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Colorectal screening saves lives

March 19, 2012
Colorectal cancer is the second leading cancer killer in the United States. If you’re 50 years or older, the Centers for Disease Control and Prevention advises a colorectal screening exam could save your life.

The colon, also referred to as the large intestine or large bowel, connects to the rectum—the passage to outside the body. As people age, growths called polyps may occur on the inner wall of the colon or rectum. “Most polyps are benign and can be found and removed during a colonoscopy,” says Thomas Young, MD, an oncologist at St. Mary’s Regional Cancer Center.

“People who have polyps or colorectal cancer don’t always have symptoms,” says Young. If there are symptoms, they may include blood in a bowel movement, stomach aches or cramps that don’t go away, unexplained weight loss. Getting a routine screening before any symptoms are present is the best way to prevent the disease.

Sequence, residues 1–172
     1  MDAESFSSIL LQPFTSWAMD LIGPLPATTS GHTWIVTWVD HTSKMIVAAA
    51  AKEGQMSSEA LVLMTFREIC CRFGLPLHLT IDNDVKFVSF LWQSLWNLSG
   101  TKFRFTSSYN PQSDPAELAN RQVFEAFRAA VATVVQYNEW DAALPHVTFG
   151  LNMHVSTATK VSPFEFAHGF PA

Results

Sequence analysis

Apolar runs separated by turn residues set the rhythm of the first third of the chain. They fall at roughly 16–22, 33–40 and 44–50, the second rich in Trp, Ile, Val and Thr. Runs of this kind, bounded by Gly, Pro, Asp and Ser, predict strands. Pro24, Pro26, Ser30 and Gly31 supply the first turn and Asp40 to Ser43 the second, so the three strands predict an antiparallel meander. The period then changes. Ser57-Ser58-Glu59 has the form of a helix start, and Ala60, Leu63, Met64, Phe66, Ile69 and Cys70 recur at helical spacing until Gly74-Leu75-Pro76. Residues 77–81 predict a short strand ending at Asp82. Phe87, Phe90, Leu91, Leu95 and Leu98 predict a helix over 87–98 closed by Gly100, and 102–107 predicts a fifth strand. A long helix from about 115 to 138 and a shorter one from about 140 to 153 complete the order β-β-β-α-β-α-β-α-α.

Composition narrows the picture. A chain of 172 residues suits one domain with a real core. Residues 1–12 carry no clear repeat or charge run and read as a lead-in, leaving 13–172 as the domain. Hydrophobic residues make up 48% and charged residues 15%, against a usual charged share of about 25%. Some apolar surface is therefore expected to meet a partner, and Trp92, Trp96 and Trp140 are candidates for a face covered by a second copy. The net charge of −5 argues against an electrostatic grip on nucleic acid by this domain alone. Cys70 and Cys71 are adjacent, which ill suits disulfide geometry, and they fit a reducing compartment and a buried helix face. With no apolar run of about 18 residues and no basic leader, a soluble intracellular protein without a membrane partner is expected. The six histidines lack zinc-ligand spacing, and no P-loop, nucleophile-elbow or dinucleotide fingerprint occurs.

“As a Comprehensive Cancer Program certified through the Commission on Cancer, we are committed to prevention and early detection. Colon cancer detected early is very curable and our goal is to increase awareness,” explains Young.

Colorectal Cancer Prevention
Thursday, March 29
5:30 to 6:30 pm

Java City Café
St. Mary’s Advanced Medicine Pavilion
750 Wellington Ave., Grand Junction

Learn the risk factors, symptoms, and screening tests for cancer of the colon and rectum. Free presentation and Q&A, open to the public.
Presented by Eugene Crafton, MD, Grand Junction Gastroenterology

Sponsored by St. Mary’s Regional Cancer Center.
No reservation needed.